Originally published in The Hill


Nearly one-fifth of all women who die in the United States die from cancer.

Even though breast cancer is responsible for more than 40,000 deaths a year, there is still much we don’t know about preventing, detecting and treating this deadly disease.

Thankfully, the Breast Cancer Research Stamp, a stamp created by Congress in 1998, is helping change that.

In the 1990s, Dr. Ernie Bodai, a breast cancer surgeon frustrated by the glacial pace of cancer research, came up with the idea of a stamp that would raise money to help fund breakthroughs.

The fundraising stamp became the first-of-its-kind in the United States, known as a semi-postal stamp. Sold for 65 cents, 10 cents from every stamp funds breast cancer research.

So far, the stamp has raised more than $90 million since it was created during its 22-year lifespan.

One recent success attributed to the stamp is a $5 million study that found 70 percent of women with the most common type of breast cancer can safely skip chemotherapy without negatively affecting their chances of beating the disease.

That means as many as 70,000 women a year won’t have to undergo this difficult treatment, saving both heartache and millions of dollars as a result. This is truly a great investment.

Another success came in 2018. A program that received $1 million in stamp-raised funds investigated the link between weight loss and the likelihood of a recurrence of cancer in women. While we know that being overweight or obese can place women at higher risk of getting breast cancer, this study will try to determine if weight loss also lowers the risk of cancer relapsing in survivors.  

The study has already enrolled nearly 2,000 cancer survivors and will follow their health for several years to better understand the effect of weight loss on survivors.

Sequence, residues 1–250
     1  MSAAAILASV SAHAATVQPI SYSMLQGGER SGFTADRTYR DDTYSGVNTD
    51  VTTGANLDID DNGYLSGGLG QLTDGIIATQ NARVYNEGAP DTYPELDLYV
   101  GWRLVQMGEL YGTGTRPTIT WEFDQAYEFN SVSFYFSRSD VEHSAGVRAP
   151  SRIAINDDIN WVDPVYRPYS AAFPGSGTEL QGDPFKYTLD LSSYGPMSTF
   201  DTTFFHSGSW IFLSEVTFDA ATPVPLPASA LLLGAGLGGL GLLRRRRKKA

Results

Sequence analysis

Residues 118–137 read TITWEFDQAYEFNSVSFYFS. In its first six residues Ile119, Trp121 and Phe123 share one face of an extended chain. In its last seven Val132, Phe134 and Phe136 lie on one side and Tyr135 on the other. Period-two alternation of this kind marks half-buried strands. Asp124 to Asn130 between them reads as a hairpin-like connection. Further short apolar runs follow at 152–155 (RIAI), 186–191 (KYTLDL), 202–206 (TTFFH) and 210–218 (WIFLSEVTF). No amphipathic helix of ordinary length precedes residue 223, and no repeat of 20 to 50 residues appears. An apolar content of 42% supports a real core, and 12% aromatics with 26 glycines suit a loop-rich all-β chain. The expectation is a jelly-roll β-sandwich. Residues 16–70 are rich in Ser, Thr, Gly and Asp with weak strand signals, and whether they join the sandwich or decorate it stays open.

Another stamp-funded study looked at the two most commonly used mammography methods to determine their efficacy and whether some cancers are better detected by one method or the other.

Part of the study includes collecting biospecimens of different cancers. The Breast Cancer Stamp is funding a repository where these samples will be available for further research.

Understanding the biology of different cancers and their relationships with different screening methods may save countless lives through early detection in the future.

When I first introduced a bill to create the Breast Cancer Research Stamp, I hoped it would contribute in some small way to helping fight this terrible disease. I never imagined the effect it would have on cancer research, treatment and awareness.

Thanks to the millions of Americans who have purchased these stamps, we have all helped provide real hope to breast cancer survivors and improved thousands of lives in the process.

These studies and others like them show the tremendous potential to make meaningful advances in preventing, detecting and treating breast cancer. One stamp at a time, we’re finding new ways of saving more women from this terrible disease.

As well as this stamp has done, I think it can do even more. While that means each of us should do our best to use this stamp whenever we can, it also means companies should do more to advertise its existence.

Last year I called on major retailers and banks – locations where most stamps are sold – to increase their efforts to promote sales of the Breast Cancer Stamp. Late last year, Rite Aid pledged to carry and promote the stamp during Breast Cancer Awareness Month.

I renew my call for other retailers to do more to promote this stamp.

Despite the strides we’ve made, however, breast cancer still remains the second-deadliest cancer for women. According to the American Cancer Society, one in eight women will be diagnosed with breast cancer.

Together, however, we can do more to ensure that the survival rate climbs by using the Breast Cancer Research Stamp.

With your help, this stamp will continue to play a part in helping expand research, reduce the cost of treatment and ultimately save more lives.

Feinstein is the senior senator from California.